If you’re travelling through Europe on a rail pass, Milan is easy to reach by train from most nearby cities. It’s two hours from Venice, three from Rome, almost four from Zurich and about seven from Munich. And if you’re on a tight budget, Flixbus and a number of other bus companies run bus services all through Europe for crazy low prices, with long drives but excellent value if you’re not in a rush.
You can search all bus and train tickets to Milan right here on Omio, which shows you all the options available.
If you’re lucky enough to have a rental car in Europe, Milan is easy to get to from Switzerland, southern Germany, southeast France, western Austria or other parts of Italy.
How to get around Milan
Milan’s got a well-connected metro system which can get you to and from all the major landmarks. A single ticket costs €2 and is valid for 90 minutes, or you can buy a 10-ticket carnet for €18. If you’re just spending 2 days in Milan, you can get a 24 hour ticket for €7 or a 3 day ticket for €12. You can get full details of the Milan metro network here.
Note that in Milan, you’re limited on taking luggage on the metro. Similar to flights, you can have a carry-on size suitcase up to 50cm for free, but a larger suitcase will set you back an extra €1.50 for a luggage ticket. For this reason I highly recommend booking accommodation near the main train station, some options are:
- Ostello Bello Grande (my top recommended hostel in Milan), they have both dorms and private rooms
- B&B Milano Centrale is a good value but budget-friendly hotel
- INNSiDE Hotel, NYX Hotel or iQ Hotel are all semi-fancy 4-star options
- For somewhere luxurious, Excelsior Hotel is the best-rated 5-star near the train station
If you’re keen to explore above ground and hop on and off at various tourist spots, consider getting a Milan hop-on hop-off bus ticket. You can choose from a 24 hour or 48 hour ticket, and you’ll be able to easily plan an ideal 2 day Milan itinerary.
For private transport, your best bet of getting around during your two day Milan trip is by taxi, but note that taxis here are quite expensive. Milan taxis don’t really stop on the street but there are designated taxi pick up spots around the city, and just make sure the driver is using the meter once your trip has started to avoid being scammed.
There’s Uber in Milan but it’s only Uber Black so it’s super expensive, a 10 minute trip from Milano Centrale to the Duomo is showing up as €37 on my Uber app right now. Ridiculous! You can also book taxis through Uber, the price for a taxi is showing up as €15-€19 for the same trip, but note that these are just estimates and the price can rise significantly if there’s traffic or detours.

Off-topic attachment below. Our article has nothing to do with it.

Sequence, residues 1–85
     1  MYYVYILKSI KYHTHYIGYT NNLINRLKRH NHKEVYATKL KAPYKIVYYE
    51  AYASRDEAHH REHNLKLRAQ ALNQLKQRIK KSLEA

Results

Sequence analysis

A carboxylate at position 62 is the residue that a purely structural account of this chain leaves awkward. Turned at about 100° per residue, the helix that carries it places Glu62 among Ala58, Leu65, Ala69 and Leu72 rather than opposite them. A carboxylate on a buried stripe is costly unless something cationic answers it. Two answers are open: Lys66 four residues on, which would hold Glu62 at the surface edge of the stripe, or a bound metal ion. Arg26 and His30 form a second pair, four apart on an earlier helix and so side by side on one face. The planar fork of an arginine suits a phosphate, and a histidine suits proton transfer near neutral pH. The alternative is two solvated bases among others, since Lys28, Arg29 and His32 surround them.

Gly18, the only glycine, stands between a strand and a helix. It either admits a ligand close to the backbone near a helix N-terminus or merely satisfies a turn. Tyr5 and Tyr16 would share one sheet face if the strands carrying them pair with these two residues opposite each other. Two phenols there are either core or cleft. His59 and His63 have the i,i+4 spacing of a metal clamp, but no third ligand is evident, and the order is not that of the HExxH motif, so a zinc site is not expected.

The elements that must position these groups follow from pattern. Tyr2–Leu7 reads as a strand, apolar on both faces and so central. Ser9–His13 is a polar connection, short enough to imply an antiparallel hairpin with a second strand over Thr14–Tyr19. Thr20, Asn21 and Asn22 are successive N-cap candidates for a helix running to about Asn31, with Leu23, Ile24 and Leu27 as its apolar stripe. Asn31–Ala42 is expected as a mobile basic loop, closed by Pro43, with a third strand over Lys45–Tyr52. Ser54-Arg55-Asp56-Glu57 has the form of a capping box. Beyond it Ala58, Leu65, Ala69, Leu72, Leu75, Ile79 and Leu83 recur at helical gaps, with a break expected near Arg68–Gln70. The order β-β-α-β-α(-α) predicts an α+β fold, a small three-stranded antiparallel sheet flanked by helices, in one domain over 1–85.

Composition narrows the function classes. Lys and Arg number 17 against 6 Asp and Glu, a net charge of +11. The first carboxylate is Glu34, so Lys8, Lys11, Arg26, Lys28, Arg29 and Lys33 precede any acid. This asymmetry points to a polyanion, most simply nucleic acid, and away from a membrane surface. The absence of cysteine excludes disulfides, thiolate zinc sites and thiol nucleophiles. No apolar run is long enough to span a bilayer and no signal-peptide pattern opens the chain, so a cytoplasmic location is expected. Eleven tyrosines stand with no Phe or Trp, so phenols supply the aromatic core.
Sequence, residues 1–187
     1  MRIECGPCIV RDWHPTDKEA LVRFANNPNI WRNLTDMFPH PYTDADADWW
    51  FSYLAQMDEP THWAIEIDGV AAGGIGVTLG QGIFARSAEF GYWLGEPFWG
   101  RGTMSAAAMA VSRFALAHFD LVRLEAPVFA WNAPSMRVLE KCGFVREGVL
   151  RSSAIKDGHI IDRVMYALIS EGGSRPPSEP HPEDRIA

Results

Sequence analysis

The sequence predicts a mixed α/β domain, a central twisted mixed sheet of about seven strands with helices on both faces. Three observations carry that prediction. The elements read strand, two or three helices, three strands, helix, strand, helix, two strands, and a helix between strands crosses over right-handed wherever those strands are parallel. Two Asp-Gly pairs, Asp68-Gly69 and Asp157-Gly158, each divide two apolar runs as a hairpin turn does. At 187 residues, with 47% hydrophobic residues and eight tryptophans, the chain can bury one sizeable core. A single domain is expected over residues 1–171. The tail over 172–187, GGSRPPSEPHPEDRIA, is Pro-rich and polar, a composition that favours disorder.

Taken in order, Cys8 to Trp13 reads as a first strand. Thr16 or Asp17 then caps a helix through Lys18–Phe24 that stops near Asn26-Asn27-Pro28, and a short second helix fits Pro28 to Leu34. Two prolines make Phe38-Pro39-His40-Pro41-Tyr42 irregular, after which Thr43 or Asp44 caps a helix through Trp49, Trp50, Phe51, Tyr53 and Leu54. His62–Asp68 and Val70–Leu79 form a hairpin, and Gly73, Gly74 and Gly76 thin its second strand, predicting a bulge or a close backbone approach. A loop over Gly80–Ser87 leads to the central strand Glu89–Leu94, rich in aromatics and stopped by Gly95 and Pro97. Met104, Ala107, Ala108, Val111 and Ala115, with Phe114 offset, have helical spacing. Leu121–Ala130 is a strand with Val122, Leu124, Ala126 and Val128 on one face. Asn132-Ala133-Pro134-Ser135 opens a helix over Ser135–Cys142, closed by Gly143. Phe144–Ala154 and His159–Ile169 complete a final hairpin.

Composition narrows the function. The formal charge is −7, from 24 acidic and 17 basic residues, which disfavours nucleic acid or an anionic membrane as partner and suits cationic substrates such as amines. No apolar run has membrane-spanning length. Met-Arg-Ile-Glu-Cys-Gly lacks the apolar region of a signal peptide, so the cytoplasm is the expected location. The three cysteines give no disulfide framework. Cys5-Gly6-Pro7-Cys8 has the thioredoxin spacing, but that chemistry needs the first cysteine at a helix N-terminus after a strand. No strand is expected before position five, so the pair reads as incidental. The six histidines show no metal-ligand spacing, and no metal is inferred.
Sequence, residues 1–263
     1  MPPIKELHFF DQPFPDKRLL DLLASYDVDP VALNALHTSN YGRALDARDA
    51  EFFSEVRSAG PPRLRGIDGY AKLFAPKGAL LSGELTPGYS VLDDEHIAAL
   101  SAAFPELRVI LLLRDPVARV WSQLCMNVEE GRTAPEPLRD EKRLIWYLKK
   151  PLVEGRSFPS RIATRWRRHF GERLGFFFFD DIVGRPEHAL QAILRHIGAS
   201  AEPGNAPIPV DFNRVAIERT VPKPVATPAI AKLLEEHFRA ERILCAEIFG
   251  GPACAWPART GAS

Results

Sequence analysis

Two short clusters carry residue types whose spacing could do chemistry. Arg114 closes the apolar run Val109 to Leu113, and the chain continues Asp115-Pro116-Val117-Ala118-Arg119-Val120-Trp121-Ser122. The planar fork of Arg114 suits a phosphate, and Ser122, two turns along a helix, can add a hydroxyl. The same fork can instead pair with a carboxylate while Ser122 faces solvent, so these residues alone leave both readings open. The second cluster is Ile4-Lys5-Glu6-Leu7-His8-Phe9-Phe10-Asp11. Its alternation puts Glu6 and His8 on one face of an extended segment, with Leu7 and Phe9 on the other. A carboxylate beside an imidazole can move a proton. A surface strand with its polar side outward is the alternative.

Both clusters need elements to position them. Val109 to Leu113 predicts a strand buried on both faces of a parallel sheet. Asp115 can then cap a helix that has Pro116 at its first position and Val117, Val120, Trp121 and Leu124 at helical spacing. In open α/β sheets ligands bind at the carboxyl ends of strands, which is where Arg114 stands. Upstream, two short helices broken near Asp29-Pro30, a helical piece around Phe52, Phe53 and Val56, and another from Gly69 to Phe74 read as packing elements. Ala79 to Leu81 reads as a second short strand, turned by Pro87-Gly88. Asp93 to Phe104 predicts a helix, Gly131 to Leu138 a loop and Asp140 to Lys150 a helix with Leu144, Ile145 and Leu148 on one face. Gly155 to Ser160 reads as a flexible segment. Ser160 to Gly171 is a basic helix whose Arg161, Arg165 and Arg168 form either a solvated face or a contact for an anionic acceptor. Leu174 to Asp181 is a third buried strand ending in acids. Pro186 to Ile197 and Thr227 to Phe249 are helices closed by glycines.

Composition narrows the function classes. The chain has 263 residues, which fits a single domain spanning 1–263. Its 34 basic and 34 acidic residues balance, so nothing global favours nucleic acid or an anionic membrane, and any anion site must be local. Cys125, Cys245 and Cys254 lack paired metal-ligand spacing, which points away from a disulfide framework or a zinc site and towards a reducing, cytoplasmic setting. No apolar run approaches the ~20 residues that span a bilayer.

Milan tips for digital nomads
Unlike some other European cities like Lisbon, Berlin, Barcelona and Budapest, Milan is not particularly digital nomad friendly. As I write this I’m sitting in a café (one that was mentioned in digital nomad guides to the city actually) and getting side-eyed by the servers because I have my laptop out!
Many of the cafes here are small, independent coffee shops who are (understandably) more concerned with getting more customers rather than having laptop-dwellers take up tables for hours on end. I see where they’re coming from but it’s also a shame as I absolutely love sitting, working, people-watching and snacking for a few hours while getting shit done.
My top recommendation for digital nomads in Milan is, and hear me out on this one, the massive Starbucks Reserve Roastery near the Duomo.
If you haven’t been to a Starbucks Reserve before this will blow your mind, it’s a huge commercial operation with the coffee machines out in the open, a unique menu of locally-inspired drinks, and some great food too. The WiFi was a bit intermittent for me (my Italian SIM card has 150GB of data though so I just used the hot spot) but there is lots of space and they had no issue with me sitting on my laptop for five hours!
I hope this list of the best things to do in Milan in 2 days has helped you plan your trip! Milan is ideal for a weekend getaway and there is SO much to see, do and eat to fill any 2 days in Milan itinerary. If I’ve missed anything important please let me know in the comments!